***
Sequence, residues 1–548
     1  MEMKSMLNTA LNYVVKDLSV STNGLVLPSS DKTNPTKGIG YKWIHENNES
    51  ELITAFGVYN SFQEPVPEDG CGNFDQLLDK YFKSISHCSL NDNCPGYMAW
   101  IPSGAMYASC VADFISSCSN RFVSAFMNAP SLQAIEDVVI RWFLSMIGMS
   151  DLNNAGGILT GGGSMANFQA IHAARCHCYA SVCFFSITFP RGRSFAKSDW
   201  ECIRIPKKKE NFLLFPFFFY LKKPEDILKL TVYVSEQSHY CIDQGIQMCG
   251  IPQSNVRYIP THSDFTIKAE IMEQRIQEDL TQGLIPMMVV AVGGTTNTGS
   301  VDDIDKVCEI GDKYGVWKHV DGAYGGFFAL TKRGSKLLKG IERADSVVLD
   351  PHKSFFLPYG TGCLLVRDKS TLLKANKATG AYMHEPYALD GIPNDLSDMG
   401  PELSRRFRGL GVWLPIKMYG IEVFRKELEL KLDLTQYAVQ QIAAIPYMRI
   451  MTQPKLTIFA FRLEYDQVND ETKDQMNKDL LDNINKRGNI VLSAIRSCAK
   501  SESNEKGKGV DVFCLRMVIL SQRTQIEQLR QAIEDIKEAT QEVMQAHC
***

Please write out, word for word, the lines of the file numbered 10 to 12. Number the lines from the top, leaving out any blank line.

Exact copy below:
   401  PELSRRFRGL GVWLPIKMYG IEVFRKELEL KLDLTQYAVQ QIAAIPYMRI
   451  MTQPKLTIFA FRLEYDQVND ETKDQMNKDL LDNINKRGNI VLSAIRSCAK
   501  SESNEKGKGV DVFCLRMVIL SQRTQIEQLR QAIEDIKEAT QEVMQAHC